Hellblade: Senua’s Sacrifice: Mental Illness or a Walk Through Hel?
Hellblade: Senua’s Sacrifice is a graphically beautiful game that explores the journey of a young woman named Senua who is looking for her lost lover, Dillion. Her journey involves fighting her worst nightmares, facing her fears, and fighting the dark gods that hold the soul of her beloved. There is a catch to her journey: she hears voices in her head that whisper through her journey, distracting her and clouding her judgement. Many reviews of this game say that it is an amazing game about mental illness -- but is that true? What if Hellblade is a ghost story told from her point of view as her soul travels through hell? Could it be that Hellblade is a Dante’s Inferno with a Viking twist?
As Senua goes through her journey, the voices in her head express her doubt and fears and get louder when she starts to get hurt or she panics. Her end goal is to conquer the darkness that consumes her and find the soul of her lost lover and release him from Hel. The opening of the game is a basic walkthrough until she reaches the first boss. With this first boss, Senua made a deal that caused her to be marked. Now parts of her vision become skewed, and that could have something to do with having a mental illness, or it could be that after making a pact to pass through Hel, she sees the images and figures that do everything in their power to stop her from going further into Hel.
Another example of Senua strolling through Hel -- and not suffering from mental illness -- is that the things that Senua sees aren't a part of her imagination but a part of the old tales that are told to the player from the point of view of Druth, her spirit guide. Druth explains where Senua must go to save her lover Dillion. Each significant boss that she fights is a key to another level of Hel through which she must travel. One reoccurring theme before these boss battles is Senua suffering a horrible death in some form and then having a flashback of her talking to someone about the darkness that she sees and suffers through.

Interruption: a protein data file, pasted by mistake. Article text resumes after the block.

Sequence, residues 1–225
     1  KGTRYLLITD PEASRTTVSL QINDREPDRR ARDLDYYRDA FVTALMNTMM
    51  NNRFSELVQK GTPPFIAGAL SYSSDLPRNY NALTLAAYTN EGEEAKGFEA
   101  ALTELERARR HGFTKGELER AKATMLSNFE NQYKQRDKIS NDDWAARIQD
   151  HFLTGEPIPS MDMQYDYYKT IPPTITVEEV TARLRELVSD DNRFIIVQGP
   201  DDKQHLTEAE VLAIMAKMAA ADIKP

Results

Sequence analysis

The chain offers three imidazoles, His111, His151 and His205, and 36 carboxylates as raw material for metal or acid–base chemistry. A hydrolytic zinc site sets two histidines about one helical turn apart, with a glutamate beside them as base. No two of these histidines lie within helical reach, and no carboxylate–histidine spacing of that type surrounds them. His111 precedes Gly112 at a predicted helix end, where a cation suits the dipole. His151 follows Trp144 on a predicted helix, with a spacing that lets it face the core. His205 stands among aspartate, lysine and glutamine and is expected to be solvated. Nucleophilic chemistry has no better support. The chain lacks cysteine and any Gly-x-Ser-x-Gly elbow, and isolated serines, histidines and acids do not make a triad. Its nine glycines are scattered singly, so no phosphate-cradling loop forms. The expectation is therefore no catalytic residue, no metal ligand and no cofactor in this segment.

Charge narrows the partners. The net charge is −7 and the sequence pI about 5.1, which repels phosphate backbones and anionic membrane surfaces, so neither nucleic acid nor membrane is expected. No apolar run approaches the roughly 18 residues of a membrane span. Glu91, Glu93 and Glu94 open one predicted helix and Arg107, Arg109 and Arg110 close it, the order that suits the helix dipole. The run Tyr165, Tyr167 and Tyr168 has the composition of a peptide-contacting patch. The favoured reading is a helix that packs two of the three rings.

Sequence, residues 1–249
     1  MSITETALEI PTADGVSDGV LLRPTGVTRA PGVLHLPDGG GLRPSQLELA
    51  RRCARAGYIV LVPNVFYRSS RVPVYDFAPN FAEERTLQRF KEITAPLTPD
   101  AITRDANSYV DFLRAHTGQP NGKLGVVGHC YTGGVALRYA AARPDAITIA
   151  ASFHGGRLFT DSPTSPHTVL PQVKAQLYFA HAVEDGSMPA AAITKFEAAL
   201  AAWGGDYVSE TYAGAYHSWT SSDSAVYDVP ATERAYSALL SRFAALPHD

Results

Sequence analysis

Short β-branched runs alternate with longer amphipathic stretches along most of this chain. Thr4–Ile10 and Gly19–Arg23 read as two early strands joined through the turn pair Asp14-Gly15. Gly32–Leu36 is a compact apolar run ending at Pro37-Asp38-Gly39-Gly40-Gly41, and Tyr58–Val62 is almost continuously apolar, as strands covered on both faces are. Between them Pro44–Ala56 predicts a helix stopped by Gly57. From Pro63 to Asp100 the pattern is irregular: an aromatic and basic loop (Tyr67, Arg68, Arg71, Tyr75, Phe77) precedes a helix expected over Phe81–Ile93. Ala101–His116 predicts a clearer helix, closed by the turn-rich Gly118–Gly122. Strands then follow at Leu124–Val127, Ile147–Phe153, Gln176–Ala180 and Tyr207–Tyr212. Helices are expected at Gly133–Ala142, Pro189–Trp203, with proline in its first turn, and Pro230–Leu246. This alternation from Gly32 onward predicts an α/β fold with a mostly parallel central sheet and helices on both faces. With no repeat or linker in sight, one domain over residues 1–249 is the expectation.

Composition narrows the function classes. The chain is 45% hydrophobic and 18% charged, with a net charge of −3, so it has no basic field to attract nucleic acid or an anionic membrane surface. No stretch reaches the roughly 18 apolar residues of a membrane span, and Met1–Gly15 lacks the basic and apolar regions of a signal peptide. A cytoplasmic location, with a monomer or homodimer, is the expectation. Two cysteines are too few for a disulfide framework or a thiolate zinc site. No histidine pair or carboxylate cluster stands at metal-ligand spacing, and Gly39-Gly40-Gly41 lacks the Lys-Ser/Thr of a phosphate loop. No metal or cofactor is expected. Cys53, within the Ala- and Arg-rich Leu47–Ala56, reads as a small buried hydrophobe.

Senua might not actually be suffering from mental illness because as her journey goes on, she has a glimpse of her mother. Now one of her voices tells the backstory of her mother being about to see the dead and teaching Senua how to be able to do the same. Senua’s visions could possibly be her seeing the dead or the supernatural, and her journey is one of being able to cope with this power.
A decent example of this ability of Senua’s is her “shadow.” This “shadow” soon replaces Druth as her spirit guide whenever the game starts to get darker or harder for Senua. This “shadow” does more psychological harm to her than physical. It whispers, and unlike the many voices in her head that voice her insecurities and talk to her in first-person and second-person, it addresses her and points out her fears and insults her, even pushing her to commit suicide. This sounds familiar to Dante’s Inferno; as Dante went further into his journey of hell, he saw horrible sights and heard horrible voices telling him things.
As you reach the end, Senua challenges her faith in the gods and her actual “curse.” This leads to an epic ending with Senua realizing her truth, accepting what she can’t change, and growing as a warrior and a woman. Overall, Hellblade: Senua’s Sacrifice is a journey of letting go of her lover, mourning his soul, and moving on.